This week at Trinity Lutheran, we'll be thinking about issues of gender and the ways we still need to transform our society. I've b...
Saturday, September 11, 2010
Sometimes we lose things. Headphones and cell phones. Coffee cups. The odd shoe or sock. Car keys. Cars – I hate when I misplace the car. Piper and I were at college orientation back in July and I went to go get our car from the parking garage. Except there were several identical parking garages near the student center and I had no idea which one we had used. I went with my gut (always a dangerous thing for me) and headed off in a promising direction. Ten minutes later I found myself standing in the wrong garage with no idea how to find my car. When the next garage is half a mile distant one can click the door remote a hundred times and it ain’t going to do nothing.
Sometimes it is we, ourselves, who are lost. Years ago when we were stationed on the island of Guam Piper and I got a babysitter for Christian and headed off with a guidebook out into the wilderness. It was one of the guidebooks that had directions like “Make a left at the big rock that looks like a witch” or “in ten paces you should see a small tree in front of you.” Of course at one point I lost count and then couldn’t find the tree. And if I couldn’t find the tree than every direction after that point didn’t make sense. The ground turned swampy and then we saw this big old rusty tank in front us, the kind left over from World War II. And then we ran into a bunch of guys carrying machetes. So much for a romantic afternoon hike.
Even with today’s technology, with GPS’s built into our cell phones and the web at our fingertips, we can still get lost. If you don’t believe me I have three words for you: Miami International Airport.
There is a different kind of lost in this world. There is a kind of lost that no GPS can help with. That Mapquest cannot help with. That even Google cannot help with. Are you with me? You know what I am talking about?
Pottery class in Baltimore was my time. My personal time. The time where I could just relax. Where people knew my name and that was it. A time where I could take a lump of clay and shape it with some sort of vision and usually have it explode on me in the kiln. The teacher grew up with John Waters and had bit parts in Hairspray and several of his other movies. The class discussion typically featured conversation about what veterinarian might offer medication for a human toothache or who was getting thrown out of their apartment or who almost got mugged that week. That sort of thing. I listened and kept to myself, but I just couldn’t keep keeping to myself when the conversation turned to deeper questions that probed life and this world of ours. Some were raised Christian and then left the faith. Some were suspicious of Christians and probably had a right to be based upon some of the experiences that they shared. I was surrounded by people who had either walked away from the faith or who were frightened of it and who lived in a world deep in the inner city that I was unaccustomed to and uncomfortable with. Yet, there I was. “What do you do?” one person ventured poking and prodding a lump of red clay. “I’m a Lutheran pastor,” I responded because that is what I was and am. And then I could no longer hide and the questions flowed and the stories flowed and I struggled in my own way to bear witness to my faith and the journey that had led me there.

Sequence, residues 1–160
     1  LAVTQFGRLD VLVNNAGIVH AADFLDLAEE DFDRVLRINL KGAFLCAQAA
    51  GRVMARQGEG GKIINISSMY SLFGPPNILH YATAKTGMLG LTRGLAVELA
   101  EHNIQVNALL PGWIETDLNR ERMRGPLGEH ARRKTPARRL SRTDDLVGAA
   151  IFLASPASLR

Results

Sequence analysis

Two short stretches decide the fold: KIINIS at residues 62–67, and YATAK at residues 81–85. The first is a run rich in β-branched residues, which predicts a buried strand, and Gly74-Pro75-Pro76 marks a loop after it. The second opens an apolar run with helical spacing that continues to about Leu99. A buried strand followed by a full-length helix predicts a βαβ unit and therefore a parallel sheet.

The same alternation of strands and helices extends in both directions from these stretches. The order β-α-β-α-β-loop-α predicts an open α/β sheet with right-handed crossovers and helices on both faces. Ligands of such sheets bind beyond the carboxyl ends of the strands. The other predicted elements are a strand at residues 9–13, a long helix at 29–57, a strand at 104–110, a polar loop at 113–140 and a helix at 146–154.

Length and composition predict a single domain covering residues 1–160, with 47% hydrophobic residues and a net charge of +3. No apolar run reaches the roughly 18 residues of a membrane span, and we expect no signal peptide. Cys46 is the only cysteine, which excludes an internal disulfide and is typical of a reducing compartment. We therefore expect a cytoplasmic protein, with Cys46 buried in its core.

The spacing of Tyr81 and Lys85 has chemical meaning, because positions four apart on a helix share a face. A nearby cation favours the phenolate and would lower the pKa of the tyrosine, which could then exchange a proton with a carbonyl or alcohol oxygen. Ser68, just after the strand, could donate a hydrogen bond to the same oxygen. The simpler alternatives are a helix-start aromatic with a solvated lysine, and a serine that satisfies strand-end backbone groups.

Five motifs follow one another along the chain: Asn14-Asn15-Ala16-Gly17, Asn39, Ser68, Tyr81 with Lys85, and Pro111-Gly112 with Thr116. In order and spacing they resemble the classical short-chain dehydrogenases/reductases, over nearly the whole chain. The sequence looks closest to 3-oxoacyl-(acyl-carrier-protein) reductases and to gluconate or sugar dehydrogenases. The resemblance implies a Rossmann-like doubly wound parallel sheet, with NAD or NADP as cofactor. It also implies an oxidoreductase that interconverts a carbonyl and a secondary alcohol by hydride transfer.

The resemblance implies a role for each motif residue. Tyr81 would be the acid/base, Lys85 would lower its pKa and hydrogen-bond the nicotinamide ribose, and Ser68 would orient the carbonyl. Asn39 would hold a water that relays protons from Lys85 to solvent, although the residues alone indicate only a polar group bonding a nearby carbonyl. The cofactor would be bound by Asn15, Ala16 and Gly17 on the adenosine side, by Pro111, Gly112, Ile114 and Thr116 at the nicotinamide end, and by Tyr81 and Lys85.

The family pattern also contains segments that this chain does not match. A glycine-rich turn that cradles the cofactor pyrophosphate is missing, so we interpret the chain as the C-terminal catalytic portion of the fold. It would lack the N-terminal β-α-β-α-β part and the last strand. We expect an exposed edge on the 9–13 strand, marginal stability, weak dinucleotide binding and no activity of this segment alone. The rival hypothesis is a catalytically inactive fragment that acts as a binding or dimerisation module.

You and I are children through baptism of a God who is peculiar. A God who honors and celebrates a vision of community bigger than our vision. Bolder than our vision. More inclusive than our vision and then challenges us to recast our vision to look more like God’s. In today’s gospel we learn that our God, in and through Christ Jesus, hung out with the wrong kind of people and declared that the wrong kind of people were exactly the kind of people that had a special place in God’s heart: The lost, the broken, the outcasts, the sinners. People like us and not like us. And also declared, as I read it, that such people ought to be the focus of our ministry. Not the only focus, but the primary one. That is what missional congregations do – they live out the Great commission – to Go Make Disciples. Disciples seek to make more disciples who in turn make more disciples and grow the Kingdom of God. It is multiplication folks: disciples making disciples making disciples.
So if we are going to roll up our sleeves and get to work in this multiplication business we need to establish relationships with the very people that the Lord has placed into our lives for us to find for the sake of the Kingdom. Who are the lost people in our lives? Every lost sheep has a name. Whose name has the Lord written in your heart?